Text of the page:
Everything seems to pop up nowadays – restaurants, shops, bars, campsites. But a glamping campsite? I was not sure about that. However, I was willing to give it a try and set off for Pop-Up Somerset in the depths of rural Somerset.
Visions of compost toilets and bucket showers played in my mind as I drove down narrow country lanes, negotiating a herd of sheep being herded by a young man on a quad bike and a young lady out for an afternoon saunter on her pony. I was on my way to the Pop-up Somerset glamping campsite.
A pop-up campsite is a temporary campsite that is licensed to remain open for a maximum of 42 consecutive days. These campsites are featured on the website Pop-up Campsites but Pop-up Somerset is the only one that offers glamping.
I am no expert on camping but I have slept in tents before, while walking the Inca Trail and taking part in a conservation project in Kenya. Neither experience could be described as glamorous camping so I was curious to see how, what I would consider to be very basic accommodation, could be turned into a luxurious experience. When I arrived, I was warmly welcomed by the creators of the site, Jonny Townsend and Jay Varcoe. They were very keen to show me around the site they have created in a huge wildflower field, surrounded by a variety of mature trees, near South Cheriton in Somerset.
The Pop-up Somerset Campsite
This campsite caters for every level of camping from pitch-your-own tent to groups of family or friends in the very impressive glamping Tent House. The site is divided into two separate areas – groups in one and individuals, couples and families in the other. I was very impressed with the Tent House in the groups’ area. It has four separate bedrooms accessed from a large lounge-diner area. The stunning block prints hanging on the interior walls combined with the up-cycled, hand-painted furniture create a Colonial ambience. These unique hangings are the creation of Fay Hutchcroft, a well-known artist and Jay’s partner.
Jay himself is an experienced designer and creator of exclusive luxury tents which have featured in many a celebrity wedding as well as making a regular appearance at Glastonbury. Jonny is also a regular at Glastonbury and has been running pop-up hotels since 2011. Having discovered this great pedigree for glamping tents, I was looking forward to seeing my own accommodation, a Safari Suite.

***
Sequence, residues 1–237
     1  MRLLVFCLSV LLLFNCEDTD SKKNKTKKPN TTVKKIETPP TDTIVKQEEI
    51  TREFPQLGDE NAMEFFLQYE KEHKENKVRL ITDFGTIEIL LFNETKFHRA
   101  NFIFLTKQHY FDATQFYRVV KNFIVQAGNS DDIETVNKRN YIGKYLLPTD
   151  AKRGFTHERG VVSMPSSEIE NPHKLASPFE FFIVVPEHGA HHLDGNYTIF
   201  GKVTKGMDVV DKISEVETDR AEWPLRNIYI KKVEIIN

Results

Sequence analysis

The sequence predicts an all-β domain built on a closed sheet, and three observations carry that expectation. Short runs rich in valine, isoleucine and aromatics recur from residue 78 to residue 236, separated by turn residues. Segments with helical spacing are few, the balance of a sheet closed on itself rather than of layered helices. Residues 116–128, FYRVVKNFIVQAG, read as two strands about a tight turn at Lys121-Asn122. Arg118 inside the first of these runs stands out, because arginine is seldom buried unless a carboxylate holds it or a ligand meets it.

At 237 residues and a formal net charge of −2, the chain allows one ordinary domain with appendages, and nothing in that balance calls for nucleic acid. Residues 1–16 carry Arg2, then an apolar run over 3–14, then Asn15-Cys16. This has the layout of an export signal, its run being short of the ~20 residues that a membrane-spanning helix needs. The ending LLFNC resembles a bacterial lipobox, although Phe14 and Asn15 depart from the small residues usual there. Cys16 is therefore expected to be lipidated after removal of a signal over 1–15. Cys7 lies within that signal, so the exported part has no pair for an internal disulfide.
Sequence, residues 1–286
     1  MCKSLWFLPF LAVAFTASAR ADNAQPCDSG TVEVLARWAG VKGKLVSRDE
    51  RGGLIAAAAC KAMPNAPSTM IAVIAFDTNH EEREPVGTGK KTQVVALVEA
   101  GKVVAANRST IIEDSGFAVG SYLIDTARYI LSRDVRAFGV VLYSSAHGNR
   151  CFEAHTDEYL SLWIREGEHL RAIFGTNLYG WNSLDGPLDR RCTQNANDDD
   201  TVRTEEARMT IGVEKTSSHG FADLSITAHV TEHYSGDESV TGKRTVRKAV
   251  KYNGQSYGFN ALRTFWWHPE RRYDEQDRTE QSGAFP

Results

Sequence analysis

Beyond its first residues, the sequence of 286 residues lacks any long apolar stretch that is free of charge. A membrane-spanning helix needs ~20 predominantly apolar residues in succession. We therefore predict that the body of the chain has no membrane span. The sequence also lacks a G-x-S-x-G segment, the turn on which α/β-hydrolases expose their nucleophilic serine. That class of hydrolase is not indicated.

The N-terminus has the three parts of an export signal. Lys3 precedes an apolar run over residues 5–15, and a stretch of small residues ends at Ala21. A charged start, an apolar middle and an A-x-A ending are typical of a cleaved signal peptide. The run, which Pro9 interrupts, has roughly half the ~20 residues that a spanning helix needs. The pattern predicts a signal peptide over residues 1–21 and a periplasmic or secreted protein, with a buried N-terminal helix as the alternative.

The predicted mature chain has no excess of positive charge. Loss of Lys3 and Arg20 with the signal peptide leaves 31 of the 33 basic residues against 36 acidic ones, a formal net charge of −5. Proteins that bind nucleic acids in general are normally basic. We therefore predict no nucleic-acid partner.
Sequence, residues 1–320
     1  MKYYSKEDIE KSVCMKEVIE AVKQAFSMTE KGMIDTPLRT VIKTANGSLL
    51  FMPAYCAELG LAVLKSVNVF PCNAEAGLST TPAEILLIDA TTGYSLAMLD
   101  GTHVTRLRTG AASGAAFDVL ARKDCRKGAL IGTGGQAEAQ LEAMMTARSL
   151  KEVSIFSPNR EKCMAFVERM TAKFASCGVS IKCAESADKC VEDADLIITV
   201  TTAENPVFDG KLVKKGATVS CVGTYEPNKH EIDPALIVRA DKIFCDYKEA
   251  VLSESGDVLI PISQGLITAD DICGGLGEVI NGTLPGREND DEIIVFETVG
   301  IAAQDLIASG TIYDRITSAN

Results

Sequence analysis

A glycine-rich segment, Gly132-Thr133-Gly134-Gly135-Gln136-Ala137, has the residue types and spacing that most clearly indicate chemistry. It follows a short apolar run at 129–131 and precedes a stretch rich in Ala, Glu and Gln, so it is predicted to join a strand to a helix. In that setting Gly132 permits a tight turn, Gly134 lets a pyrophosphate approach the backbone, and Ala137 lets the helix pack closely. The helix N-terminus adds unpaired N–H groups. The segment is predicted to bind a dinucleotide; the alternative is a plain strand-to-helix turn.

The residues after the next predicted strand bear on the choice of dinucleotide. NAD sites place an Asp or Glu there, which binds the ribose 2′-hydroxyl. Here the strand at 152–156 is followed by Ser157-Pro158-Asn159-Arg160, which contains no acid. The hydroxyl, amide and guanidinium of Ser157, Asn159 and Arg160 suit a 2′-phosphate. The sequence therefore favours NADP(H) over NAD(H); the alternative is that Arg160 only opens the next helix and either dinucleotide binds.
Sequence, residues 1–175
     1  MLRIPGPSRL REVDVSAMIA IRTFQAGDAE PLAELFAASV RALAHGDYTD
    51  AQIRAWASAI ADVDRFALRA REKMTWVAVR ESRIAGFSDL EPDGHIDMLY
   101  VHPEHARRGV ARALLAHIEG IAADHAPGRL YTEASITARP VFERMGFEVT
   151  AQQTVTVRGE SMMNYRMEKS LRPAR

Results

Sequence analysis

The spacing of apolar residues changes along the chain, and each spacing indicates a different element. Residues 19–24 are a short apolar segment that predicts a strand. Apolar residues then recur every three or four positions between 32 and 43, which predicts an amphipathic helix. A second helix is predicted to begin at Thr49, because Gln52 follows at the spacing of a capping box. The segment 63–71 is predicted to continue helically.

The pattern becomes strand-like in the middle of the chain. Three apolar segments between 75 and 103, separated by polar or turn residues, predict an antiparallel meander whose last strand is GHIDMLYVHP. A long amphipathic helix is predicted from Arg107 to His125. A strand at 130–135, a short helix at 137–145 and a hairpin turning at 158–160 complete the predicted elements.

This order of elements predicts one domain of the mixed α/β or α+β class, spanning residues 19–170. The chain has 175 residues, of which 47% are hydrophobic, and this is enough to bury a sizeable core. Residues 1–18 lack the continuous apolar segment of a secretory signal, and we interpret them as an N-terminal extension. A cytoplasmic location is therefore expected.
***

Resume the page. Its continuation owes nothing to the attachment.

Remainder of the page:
You can imagine my delight when the first thing I spotted when stepping through the opening of my tent, were the en-suite facilities at the far end of a very large bedroom. Not only my own bathroom but one that featured an eco-friendly flushing toilet and a shower cubicle with a rain shower head. Everything else was a bonus – solid, carpeted floor, comfy sofa and armchairs, coffee table, hanging wardrobe. And the icing on the cake? Electric lighting and a socket to re-charge my batteries. The site’s excellent website details exactly what is included in each of the different tents.
Before I could leap into the large, comfortable double bed to re-charge my own batteries I was invited to a barbecue supper in the Circus Tent. This lovingly rejuvenated Polish circus tent is a place for guests to gather for drinks and dining. My Safari Suite did have its own kitchen tent plus crockery, cutlery and utensils so I could have cooked my own supper. But it is more fun to join a group and enjoy a barbecue in the open-sided tent. It was a lovely way to spend the evening – surrounded by the beautiful English countryside.
The theme of Pop-up Somerset is very much up-cycling when it comes to furniture, and re-cycling of waste and rubbish generated by the use of the site. Guests are given full details regarding the site’s recycling programme. Each pitch is provided with recycling bags, each designated for particular types of rubbish. The bags are then placed in specific bins as guests depart the camp site.
Days Out and Local Attractions around Pop-up Somerset
For many people, like myself, simply being in the countryside is a treat. I love to explore my immediate locality, to eat at the local pub, shop locally and try any particular specialities of the region. Cheese is a particular favourite of mine.
Feltham’s Farm, where award-winning cheeses are made, is close to the campsite. My visit to the farm included a tour of this small working farm before a tour of the modern cheese factory. Marcus, owner of the farm, with his partner, Penny, has created the three soft cheeses he produces himself. It was fascinating following the very labour-intensive process. I even had a go at one part of the process – rubbing beer into the rind of the maturing cheese. This makes the mature cheese very flavoursome. After my tour I sat on a bale of hay in a large barn and tasted La Fresca Margarita, a fresh young cheese, and the Renegade Monk, a strong, mature cheese. Accompanied by a delicious, sparking organic wine, it was a lovely end to my visit.
Just 11 miles from the campsite and worthy of a day out is Stourhead House and Gardens. The gardens surrounding the impressive Palladian house include formal flower beds and parkland surrounding a large lake. The path that encircles the lake passes by several interesting monuments that have been placed there by generations of the Hoare family, who owned the property until it was given to the National Trust in 1946. The walking is very easy and each monument has a tale to tell. The climb up to the Temple of Apollo is rewarded by wonderful panoramic views of the lake.
My first glamping experience was a great success. The quality of my accommodation exceeded all my expectations and I was able to enjoy two very different aspects of this area, a working farm and a country estate, preserved for posterity. An ideal staycation.